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In an effort to quicken handling I am considering either raising the front forks slightly in the triple clamps or putting a spacer between the top of the rear shock and the frame. Is one preferable to the other? Thanks

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10 minutes ago, Bor said:

In an effort to quicken handling I am considering either raising the front forks slightly in the triple clamps or putting a spacer between the top of the rear shock and the frame. Is one preferable to the other? Thanks

Or do both... I did on my 5th gen... 

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I'd start with the front, less effort.

If through trying various "drops"you are still not happy, raise the rear and take it from there.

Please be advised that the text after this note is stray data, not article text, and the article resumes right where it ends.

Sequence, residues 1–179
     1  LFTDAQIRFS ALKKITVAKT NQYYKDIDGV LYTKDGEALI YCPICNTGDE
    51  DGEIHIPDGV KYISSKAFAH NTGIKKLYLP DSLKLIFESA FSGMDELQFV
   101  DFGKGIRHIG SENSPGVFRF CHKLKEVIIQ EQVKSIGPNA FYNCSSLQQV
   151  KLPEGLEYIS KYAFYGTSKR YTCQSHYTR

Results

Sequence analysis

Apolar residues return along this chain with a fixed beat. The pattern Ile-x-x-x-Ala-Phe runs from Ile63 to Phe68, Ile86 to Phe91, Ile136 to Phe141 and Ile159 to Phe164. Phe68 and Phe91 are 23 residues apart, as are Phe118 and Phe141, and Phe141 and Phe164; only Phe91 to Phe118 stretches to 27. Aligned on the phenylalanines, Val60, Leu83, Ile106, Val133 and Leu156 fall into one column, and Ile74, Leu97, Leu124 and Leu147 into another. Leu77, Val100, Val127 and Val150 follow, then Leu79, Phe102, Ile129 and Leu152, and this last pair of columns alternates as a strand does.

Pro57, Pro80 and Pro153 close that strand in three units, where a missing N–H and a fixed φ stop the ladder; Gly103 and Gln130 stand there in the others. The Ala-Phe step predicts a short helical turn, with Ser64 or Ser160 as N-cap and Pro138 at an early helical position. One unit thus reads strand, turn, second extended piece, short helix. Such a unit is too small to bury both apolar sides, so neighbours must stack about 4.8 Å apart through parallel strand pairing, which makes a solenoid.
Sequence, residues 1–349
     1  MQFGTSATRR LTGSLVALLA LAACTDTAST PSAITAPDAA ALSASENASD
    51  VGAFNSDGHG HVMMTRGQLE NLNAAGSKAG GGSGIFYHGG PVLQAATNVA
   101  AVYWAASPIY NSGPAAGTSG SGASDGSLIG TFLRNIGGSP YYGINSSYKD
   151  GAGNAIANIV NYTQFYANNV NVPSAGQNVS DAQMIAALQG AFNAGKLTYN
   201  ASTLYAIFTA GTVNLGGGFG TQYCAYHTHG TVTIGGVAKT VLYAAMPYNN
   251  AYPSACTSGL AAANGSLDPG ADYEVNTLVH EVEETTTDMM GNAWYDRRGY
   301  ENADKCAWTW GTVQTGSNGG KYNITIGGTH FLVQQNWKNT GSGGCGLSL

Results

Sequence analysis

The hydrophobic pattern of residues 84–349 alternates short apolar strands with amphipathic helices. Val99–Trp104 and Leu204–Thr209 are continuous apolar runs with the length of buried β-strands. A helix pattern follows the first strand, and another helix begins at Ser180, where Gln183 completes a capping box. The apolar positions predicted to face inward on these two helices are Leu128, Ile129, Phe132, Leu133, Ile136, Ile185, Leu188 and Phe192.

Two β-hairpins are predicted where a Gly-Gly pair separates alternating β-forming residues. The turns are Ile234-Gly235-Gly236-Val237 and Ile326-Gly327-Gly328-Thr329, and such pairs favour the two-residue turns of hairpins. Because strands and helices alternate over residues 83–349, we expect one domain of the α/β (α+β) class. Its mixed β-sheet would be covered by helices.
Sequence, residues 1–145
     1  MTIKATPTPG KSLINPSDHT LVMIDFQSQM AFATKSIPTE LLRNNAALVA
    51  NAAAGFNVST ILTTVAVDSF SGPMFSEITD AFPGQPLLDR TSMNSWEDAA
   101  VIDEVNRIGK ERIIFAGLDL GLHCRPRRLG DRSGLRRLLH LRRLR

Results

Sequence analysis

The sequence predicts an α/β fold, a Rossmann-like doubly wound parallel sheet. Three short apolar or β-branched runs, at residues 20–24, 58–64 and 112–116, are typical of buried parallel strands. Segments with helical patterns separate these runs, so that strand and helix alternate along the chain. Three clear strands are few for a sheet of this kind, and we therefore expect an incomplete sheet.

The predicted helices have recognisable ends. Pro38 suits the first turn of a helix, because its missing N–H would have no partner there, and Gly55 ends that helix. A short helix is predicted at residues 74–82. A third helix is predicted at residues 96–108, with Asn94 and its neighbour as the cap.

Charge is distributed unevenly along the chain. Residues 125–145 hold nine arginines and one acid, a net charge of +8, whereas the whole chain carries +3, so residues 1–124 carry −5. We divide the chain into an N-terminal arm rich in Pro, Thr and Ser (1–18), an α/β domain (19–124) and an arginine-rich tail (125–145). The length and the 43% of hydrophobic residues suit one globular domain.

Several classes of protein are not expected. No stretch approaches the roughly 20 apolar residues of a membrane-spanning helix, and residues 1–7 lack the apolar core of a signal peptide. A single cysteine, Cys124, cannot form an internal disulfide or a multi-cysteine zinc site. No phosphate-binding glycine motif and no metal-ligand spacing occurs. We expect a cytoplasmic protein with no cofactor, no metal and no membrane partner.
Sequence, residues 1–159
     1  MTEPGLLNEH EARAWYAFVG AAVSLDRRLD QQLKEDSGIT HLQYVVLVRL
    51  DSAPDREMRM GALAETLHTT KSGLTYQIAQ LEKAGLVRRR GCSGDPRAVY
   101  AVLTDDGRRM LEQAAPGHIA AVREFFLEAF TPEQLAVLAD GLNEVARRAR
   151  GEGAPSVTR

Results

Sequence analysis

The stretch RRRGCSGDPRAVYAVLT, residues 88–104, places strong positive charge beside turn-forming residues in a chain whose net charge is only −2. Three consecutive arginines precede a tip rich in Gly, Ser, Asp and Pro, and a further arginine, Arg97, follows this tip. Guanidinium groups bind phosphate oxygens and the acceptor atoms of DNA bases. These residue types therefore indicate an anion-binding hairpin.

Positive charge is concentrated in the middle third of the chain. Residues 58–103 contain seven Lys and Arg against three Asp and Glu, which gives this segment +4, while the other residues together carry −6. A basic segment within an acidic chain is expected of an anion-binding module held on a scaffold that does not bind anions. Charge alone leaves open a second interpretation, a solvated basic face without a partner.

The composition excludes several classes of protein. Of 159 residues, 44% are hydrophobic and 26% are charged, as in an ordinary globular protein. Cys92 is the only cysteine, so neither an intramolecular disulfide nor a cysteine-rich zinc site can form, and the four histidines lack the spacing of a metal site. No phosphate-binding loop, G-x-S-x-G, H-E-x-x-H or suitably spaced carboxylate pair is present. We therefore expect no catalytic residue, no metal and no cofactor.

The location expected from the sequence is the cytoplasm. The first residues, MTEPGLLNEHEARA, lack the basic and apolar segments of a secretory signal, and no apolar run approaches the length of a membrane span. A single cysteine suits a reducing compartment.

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I did some research in other threads. You are considering maintenance with Jamie Daugherty this winter? He will add a shock spring of his recommended ideal/maximum height. That is the best configuration. Exceeding said geometry will begin to diminish neutral handling and generate trade-offs in stability.

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Due to availability circumstances, I’ve accidentally/incidentally found acceptable changes by using slightly larger tire on rear & smaller on front(about 10mm +/- sidewall dimensions). Sorta a bonus that came with having to compromise when replacing tire(s), like the lyric sez, can’t get whatca want?, get whatcha need !

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On 12/8/2020 at 10:01 AM, mello dude said:

Or do both... I did on my 5th gen... 

I did both on my 1200, no loss of stability. Turns in way better, raised forks 10mm, and shimmed rear so that there are no threads sticking out the top of the shock nut under the tank.

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Raising the front forks slightly in the triple clamps negatively cuts into available ground clearance where as putting a spacer between the top of the rear shock and the frame doesn't...

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